Curiosity finds first evidence for possible ‘continental crust’ on Mars

View of an igneous clast named Harrison which is embedded in a conglomerate rock in Gale crater, and features elongated light-toned feldspar crystals. This mosaic is a combination of an image from Mastcam with higher-resolution images from ChemCam’s Remote Micro-Imager. Photo Credit: NASA/JPL-Caltech/LANL/IRAP/U. Nantes/IAS/MSSS
View of an igneous clast named Harrison which is embedded in a conglomerate rock in Gale crater, and features elongated light-toned feldspar crystals. This mosaic is a combination of an image from Mastcam with higher-resolution images from ChemCam’s Remote Micro-Imager. Image Credit: NASA/JPL-Caltech/LANL/IRAP/U. Nantes/IAS/MSSS

The Curiosity rover, still roaming in Gale crater, has discovered the first evidence for a potential ancient “continental crust” on Mars, which would be a very significant finding regarding Mars’ early history and to what degree it may have paralleled Earth’s.

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Image Gallery: Pluto Just Before Closest Approach

Photo Credit: NASA/Johns Hopkins University Applied Physics Laboratory/Southwest Research Institute
Photo Credit: NASA/Johns Hopkins University Applied Physics Laboratory/Southwest Research Institute

The best ever photo of Pluto so far was just released by NASA as New Horizons neared closest approach (and successfully completed), taken on July 13, 2015 from a distance of 768,000 kilometres (476,000 miles). We can now see this world in detail for the first time in history. The probe is now on the other side of Pluto, heading outward. Many more images from closest approach are to come, and a lot of other data, starting tomorrow!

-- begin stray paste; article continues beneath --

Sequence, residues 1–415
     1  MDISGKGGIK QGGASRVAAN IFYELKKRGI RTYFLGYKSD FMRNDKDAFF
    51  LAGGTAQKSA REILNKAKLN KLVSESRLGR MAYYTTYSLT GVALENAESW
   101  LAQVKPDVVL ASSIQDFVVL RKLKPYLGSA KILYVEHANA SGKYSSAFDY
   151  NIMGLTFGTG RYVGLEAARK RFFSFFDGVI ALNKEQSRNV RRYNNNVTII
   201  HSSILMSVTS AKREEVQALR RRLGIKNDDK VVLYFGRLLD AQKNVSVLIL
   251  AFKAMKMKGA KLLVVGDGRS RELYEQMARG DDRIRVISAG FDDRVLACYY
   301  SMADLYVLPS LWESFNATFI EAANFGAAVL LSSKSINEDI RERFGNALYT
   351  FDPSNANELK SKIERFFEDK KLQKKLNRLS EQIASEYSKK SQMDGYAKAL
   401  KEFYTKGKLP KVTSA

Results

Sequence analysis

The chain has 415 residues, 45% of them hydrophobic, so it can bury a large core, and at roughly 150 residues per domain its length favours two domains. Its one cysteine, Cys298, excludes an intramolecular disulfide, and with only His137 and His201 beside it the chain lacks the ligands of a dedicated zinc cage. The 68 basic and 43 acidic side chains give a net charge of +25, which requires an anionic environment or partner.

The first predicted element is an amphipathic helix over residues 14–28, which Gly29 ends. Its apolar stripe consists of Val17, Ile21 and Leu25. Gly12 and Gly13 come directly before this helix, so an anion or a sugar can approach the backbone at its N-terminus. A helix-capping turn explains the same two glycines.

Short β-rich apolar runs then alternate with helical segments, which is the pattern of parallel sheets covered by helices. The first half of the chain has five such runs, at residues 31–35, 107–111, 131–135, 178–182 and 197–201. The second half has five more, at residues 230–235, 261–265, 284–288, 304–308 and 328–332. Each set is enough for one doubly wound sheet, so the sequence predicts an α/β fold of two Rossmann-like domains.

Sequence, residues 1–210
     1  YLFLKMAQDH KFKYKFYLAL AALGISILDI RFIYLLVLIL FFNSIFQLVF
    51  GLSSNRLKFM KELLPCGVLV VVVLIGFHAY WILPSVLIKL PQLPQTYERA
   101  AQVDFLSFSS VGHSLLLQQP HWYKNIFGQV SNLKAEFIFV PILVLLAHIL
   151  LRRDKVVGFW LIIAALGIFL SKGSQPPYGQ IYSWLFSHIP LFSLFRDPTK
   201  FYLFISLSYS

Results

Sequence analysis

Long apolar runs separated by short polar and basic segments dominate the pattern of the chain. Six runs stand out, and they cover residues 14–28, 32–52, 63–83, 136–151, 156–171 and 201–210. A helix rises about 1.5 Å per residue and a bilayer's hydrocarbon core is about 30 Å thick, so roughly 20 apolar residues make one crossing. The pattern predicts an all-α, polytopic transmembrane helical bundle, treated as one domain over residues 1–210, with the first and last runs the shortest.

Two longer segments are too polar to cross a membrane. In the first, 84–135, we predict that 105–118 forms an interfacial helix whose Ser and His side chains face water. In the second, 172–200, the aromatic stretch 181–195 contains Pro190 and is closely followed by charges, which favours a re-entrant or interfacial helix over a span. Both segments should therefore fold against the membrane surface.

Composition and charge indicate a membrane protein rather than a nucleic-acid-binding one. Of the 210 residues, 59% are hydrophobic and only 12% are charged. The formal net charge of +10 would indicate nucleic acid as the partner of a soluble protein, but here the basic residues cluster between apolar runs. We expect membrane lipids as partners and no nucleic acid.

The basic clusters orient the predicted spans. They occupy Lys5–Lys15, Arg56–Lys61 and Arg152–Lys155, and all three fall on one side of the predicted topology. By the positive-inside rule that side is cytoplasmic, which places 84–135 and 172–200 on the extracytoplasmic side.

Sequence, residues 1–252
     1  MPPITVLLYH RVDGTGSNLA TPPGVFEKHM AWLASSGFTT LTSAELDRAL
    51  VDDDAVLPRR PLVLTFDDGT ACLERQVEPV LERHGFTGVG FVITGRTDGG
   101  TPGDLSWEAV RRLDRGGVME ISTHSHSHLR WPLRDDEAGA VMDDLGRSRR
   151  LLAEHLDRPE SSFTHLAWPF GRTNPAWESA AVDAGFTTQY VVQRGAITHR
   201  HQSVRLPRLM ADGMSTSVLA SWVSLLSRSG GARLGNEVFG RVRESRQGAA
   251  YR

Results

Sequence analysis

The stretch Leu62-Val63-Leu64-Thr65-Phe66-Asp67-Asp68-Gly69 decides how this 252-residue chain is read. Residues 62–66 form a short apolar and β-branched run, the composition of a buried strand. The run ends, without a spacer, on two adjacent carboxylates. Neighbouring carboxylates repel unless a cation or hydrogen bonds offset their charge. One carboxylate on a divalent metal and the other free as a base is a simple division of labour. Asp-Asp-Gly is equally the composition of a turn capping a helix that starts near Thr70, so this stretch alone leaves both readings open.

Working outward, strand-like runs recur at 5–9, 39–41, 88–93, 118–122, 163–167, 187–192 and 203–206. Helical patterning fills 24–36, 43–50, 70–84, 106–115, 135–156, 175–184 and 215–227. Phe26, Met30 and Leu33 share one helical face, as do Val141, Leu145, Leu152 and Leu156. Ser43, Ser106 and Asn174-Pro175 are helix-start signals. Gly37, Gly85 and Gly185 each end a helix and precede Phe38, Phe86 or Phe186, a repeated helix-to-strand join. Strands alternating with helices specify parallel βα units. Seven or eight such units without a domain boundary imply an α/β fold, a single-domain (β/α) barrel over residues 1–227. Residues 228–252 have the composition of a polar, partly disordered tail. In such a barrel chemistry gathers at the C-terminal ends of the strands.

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Image Gallery – Pluto and Charon, July 11, 2015

Image Credit: NASA/JHUAPL/SWRI
Pluto. Image Credit: NASA/JHUAPL/SWRI

The latest image of Pluto from New Horizons, taken on July 11, 2015, has just been posted. More interesting geological features can now be seen, including possible cliffs and a crater, as well as the other bright and dark patches. There is also a new image of Pluto’s largest moon Charon, showing chasms, craters and the large dark area at the north pole. It is now less than two days until closest approach, at 7:49 AM EDT on July 14!

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Image Gallery – Pluto, July 11, 2015

Image Credit: NASA/Johns Hopkins University Applied Physics Laboratory/Southwest Research Institute
Image Credit: NASA/Johns Hopkins University Applied Physics Laboratory/Southwest Research Institute

The latest image of Pluto from New Horizons, taken on July 11, 2015 from 4 million kilometres (2.5 million miles) away. The four dark spots along the equator (next to the “whale” feature)  can be seen better now, but will be on the other side of the dwarf planet when New Horizons passes by. It is now only three days until closest approach!

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Image Gallery: Pluto – July 9, 2015

Image Credit: NASA/Johns Hopkins University Applied Physics Laboratory/Southwest Research Institute
Image Credit: NASA/Johns Hopkins University Applied Physics Laboratory/Southwest Research Institute

The latest image of Pluto from New Horizons, taken on July 9, 2015 from 5.4 million kilometres (3.3 million miles) away. The long dark feature along the equator called the “whale” is at the bottom of the image, and another band of “complex terrain” including polygonal features above that stretches for about 1,609 kilometres (1,000 miles). It is now only three days until closest approach!

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Today’s new Pluto images plus updated media coverage and activities for flyby on July 14